It began quietly enough with a pulled hamstring. The first baseman for the Cubs AAA affiliate in Wichita went down as he rounded third and headed for home. The next day, Jim Hickman, the first baseman for the Cubs, injured his back. The team suddenly needed someone to play first, so they reached down to their AA club in Midland, Texas, and called up a twenty-one-year-old named Joe Castle. He was the hottest player in AA and creating a buzz.

In the summer of 1973 Joe Castle was the boy wonder of baseball, the greatest rookie anyone had ever seen.  The kid from Calico Rock, Arkansas dazzled Cub fans as he hit home run after home run, politely tipping his hat to the crowd as he shattered all rookie records.

Calico Joe quickly became the idol of every baseball fan in America, including Paul Tracey, the young son of a hard-partying and hard-throwing Mets pitcher. On the day that Warren Tracey finally faced Calico Joe, Paul was in the stands, rooting for his idol but also for his Dad. Then Warren threw a fastball that would change their lives forever…

In John Grisham’s new novel the baseball is thrilling, but it’s what happens off the field that makes CALICO JOE a classic.

This novel has quite an interesting start, as the narrator reveals his hatred for his own father. The reason, of course, isn't revealed until about three quarters of the way through. I will admit that much of the "baseball talk" portion of this novel was lost on me, but Matt understood it--and enjoyed it. For me, it wasn't very fast-paced, but was well-written. For Matt, it was fast-paced and exciting. Either way, by the end, I was crying happy tears and he was impressed with how the story touched him.

Bottom line? If you have a baseball lover at home, this would make the perfect gift.

My rating: 4/5 

Friday, August 3, 2012

Book Review: The Glass Castle by Jeanette Walls

You all know how much I love memoirs. For the past few years, I've had quite a few people recommend The Glass Castle by Jeanette Walls to me, claiming it's the best memoir they've ever read.

Wondering why? Here's the Goodreads description:

Jeannette Walls grew up with parents whose ideals and stubborn nonconformity were both their curse and their salvation. Rex and Rose Mary Walls had four children. In the beginning, they lived like nomads, moving among Southwest desert towns, camping in the mountains. Rex was a charismatic, brilliant man who, when sober, captured his children’s imagination, teaching them physics, geology, and above all, how to embrace life fearlessly. Rose Mary, who painted and wrote and couldn’t stand the responsibility of providing for her family, called herself an “excitement addict.” Cooking a meal that would be consumed in fifteen minutes had no appeal when she could make a painting that might last forever.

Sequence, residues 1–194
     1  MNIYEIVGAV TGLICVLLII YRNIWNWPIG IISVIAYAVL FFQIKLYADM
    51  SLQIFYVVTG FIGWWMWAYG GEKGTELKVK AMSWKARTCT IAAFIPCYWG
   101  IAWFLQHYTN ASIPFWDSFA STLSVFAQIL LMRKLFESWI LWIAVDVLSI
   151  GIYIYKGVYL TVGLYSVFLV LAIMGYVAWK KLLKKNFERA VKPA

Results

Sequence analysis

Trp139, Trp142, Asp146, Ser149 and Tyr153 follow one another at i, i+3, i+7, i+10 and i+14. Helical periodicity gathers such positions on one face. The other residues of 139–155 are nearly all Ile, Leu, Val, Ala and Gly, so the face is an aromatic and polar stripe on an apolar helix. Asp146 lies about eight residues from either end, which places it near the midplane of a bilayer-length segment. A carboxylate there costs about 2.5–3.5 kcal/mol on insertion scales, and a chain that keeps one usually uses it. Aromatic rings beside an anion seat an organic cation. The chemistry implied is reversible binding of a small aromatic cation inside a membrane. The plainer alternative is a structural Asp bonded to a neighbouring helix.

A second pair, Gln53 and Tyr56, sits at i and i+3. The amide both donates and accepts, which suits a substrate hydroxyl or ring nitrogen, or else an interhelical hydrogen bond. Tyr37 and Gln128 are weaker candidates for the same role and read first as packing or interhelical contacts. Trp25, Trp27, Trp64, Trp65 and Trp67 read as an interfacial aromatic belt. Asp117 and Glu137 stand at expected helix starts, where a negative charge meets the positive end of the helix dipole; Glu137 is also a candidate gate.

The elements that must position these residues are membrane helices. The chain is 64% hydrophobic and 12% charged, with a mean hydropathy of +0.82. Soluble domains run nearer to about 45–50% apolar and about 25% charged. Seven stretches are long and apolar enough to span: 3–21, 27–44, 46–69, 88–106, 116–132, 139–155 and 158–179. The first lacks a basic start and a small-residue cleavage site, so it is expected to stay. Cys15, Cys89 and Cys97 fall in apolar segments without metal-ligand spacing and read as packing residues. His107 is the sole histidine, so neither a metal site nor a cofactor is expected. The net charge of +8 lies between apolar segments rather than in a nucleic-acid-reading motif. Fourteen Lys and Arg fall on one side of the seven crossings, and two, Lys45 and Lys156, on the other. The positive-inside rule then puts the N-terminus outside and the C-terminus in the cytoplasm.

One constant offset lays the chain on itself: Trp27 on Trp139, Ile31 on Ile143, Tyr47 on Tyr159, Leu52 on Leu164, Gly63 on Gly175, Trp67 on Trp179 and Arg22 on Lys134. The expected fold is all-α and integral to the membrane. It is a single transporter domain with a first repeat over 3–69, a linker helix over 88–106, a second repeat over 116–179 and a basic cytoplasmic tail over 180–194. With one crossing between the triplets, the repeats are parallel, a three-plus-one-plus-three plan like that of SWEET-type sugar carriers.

Later, when the money ran out, or the romance of the wandering life faded, the Walls retreated to the dismal West Virginia mining town—and the family—Rex Walls had done everything he could to escape. He drank. He stole the grocery money and disappeared for days. As the dysfunction of the family escalated, Jeannette and her brother and sisters had to fend for themselves, supporting one another as they weathered their parents’ betrayals and, finally, found the resources and will to leave home.

What is so astonishing about Jeannette Walls is not just that she had the guts and tenacity and intelligence to get out, but that she describes her parents with such deep affection and generosity. Hers is a story of triumph against all odds, but also a tender, moving tale of unconditional love in a family that despite its profound flaws gave her the fiery determination to carve out a successful life on her own terms.

For two decades, Jeannette Walls hid her roots. Now she tells her own story. A regular contributor to, she lives in New York and Long Island and is married to the writer John Taylor.

Every recommendation I'd received for this book was earned, as it was a really good novel. Walls reveals much about her childhood and family growing up with a viewpoint of a child and an adult. I enjoyed her reflections where she describes her reaction to a situation as a child, but then looks at the situation now through an adult's eyes. However, as the reader, I felt this was much more of a narration. I would have appreciated a reveal of more emotions from the author, so I could empathize more with her. This novel was not indelible for me; I'll never look back on it and think of how deeply it impacted my life. Overall, though, I would recommend this novel for all of you memoir lovers :)